When it's rude to smile

International trade is full of cultural banana skins
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The Independent Online

You might wonder what's going on when your Russian customer gives you a hug outside the office, or the deal with your Korean clients seems less and less likely to succeed the more you smile. But Russian culture is such that a bear hug isn't out of place in business, and Korean culture is such that constant grinning is considered pushy.

You might wonder what's going on when your Russian customer gives you a hug outside the office, or the deal with your Korean clients seems less and less likely to succeed the more you smile. But Russian culture is such that a bear hug isn't out of place in business, and Korean culture is such that constant grinning is considered pushy.

Cultural blunders and confusions, according to research from the University of Luton, have a bigger impact on business than ever. In today's global village, says the university, those who get it right have up to four times the growth rate of those who get it wrong.

Even the police are not immune. It has just been announced that officers are to be issued with a handbook telling them how to avoid giving offence to London's ethnic and religious communities. Advice includes not summoning a Somali by beckoning with a finger - a gesture used only for dogs in Somalia - and not touching a Sikh's turban without permission. PC Wilson, author of the guide, claims such errors are enough to ruin a career.

Judi James, author of Bodytalk, says it is just as important for businesses to be culturally aware. "Workers in the UK have been slow enough to start focusing on learning other languages - something that has caused much offence to foreign business folk. Imagine the damage we will do if we don't start learning the cultural rules that go with it." Consider a detergent advert for a European audience that was made in a country where they read from right to left; the washing powder seemed to make clean clothes dirty.

Body language causes the most cultural blunders. In France, for instance, the V-sign is used for smoking. In Korea, touching your nose is very rude. And in Bulgaria, they shake their head for yes and nod for no.

Colours and symbols are other pitfalls. When developing a multinational website, it is not enough to keep English simple or even translate into another language. "You need to be aware how colours, symbols and words work in other cultures," says Tim Priestman, national account manager for the EU-funded Language and Culture for Business programme at the University of Luton. In Korea, thumb and forefinger together means money. In India, white is the colour of mourning.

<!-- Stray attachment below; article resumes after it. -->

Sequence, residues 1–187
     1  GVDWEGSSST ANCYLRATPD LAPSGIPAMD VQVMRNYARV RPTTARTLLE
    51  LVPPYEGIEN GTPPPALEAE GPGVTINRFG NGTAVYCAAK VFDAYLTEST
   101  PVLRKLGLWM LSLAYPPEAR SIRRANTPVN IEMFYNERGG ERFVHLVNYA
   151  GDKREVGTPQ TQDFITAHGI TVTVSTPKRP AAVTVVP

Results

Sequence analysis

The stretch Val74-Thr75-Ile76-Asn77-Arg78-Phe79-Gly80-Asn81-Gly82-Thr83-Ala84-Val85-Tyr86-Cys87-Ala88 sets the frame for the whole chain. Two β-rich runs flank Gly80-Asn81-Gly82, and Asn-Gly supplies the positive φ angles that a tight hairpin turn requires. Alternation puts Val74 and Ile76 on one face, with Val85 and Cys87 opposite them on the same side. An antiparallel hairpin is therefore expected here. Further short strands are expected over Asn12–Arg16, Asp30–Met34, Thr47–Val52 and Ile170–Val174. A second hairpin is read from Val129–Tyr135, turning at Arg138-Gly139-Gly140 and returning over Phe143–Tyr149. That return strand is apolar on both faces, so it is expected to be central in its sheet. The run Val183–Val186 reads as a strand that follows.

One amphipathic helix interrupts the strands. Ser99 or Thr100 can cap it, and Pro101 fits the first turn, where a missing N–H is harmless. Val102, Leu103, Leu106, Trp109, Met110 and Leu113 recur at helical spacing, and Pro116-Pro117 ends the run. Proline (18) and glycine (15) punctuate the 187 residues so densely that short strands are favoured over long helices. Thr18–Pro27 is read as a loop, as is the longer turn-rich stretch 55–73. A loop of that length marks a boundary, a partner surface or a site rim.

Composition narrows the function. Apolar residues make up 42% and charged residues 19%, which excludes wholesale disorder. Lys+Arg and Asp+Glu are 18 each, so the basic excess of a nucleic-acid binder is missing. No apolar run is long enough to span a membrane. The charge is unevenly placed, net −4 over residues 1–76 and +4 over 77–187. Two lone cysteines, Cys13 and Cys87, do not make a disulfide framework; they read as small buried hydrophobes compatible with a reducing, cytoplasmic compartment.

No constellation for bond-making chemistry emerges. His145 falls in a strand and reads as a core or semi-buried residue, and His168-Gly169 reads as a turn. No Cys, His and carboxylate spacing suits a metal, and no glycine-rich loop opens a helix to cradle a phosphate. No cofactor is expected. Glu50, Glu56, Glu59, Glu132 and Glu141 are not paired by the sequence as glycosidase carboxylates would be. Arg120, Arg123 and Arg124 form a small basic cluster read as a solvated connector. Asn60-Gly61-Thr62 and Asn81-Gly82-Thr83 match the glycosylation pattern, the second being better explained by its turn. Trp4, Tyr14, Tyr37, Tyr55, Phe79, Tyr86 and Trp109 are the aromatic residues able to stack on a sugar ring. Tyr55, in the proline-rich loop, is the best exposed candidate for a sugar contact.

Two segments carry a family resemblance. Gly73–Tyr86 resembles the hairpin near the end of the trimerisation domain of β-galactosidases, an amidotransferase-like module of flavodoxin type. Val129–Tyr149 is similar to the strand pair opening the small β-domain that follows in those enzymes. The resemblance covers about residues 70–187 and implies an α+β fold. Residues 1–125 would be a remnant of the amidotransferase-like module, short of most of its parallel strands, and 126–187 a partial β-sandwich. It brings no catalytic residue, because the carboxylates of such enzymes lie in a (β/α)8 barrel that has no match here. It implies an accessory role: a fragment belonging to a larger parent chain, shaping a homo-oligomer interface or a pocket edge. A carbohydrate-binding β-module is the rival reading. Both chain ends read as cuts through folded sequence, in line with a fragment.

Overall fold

Even without a language barrier, there is plenty of scope for error. The Canadians are very touchy about being taken for Americans, for instance. And the Americans - used to fast service, large helpings of food and free iced water - may feel ill-treated if those "perks" aren't available when they're being entertained in Britain.

Never patiently explain to a customer that this is not how we do things in the UK, warns Jim Lees, managing director of London Electronics. "You just have to try and learn the differences and accept them. The French insist there are 15 days in a fortnight.

"Also, when negotiating with a distributor for the first time, you never mention the order until after the cheese, which in France comes before the sweet."

Another EU-funded project aimed at helping businesses overcome language and cultural barriers is Solvit. Working as an international consortium with British, French, Spanish and German partners, Solvit has produced a CD and booklets in five different languages. "The material aims to help companies cope with issues like eating habits, clothing, language aspects, picking brand names and pointing out pitfalls like 'false friends' - words that are the same but mean different things," says a spokesperson. Would you want to suffer the humiliation of talking to a Frenchman about les préservatives in food? That is not where he would expect to find contraceptives.

* Language and Culture for Business runs courses free of charge in Sheffield, London, Bolton, Luton and Wolverhampton: 0845 603 3322, or www.lcb.org.uk. For further information on Solvit, call Bernadette Hartigan on 020 7203 1837. 'Bodytalk', by Judi James, is published by the Industrial Society at £9.95.

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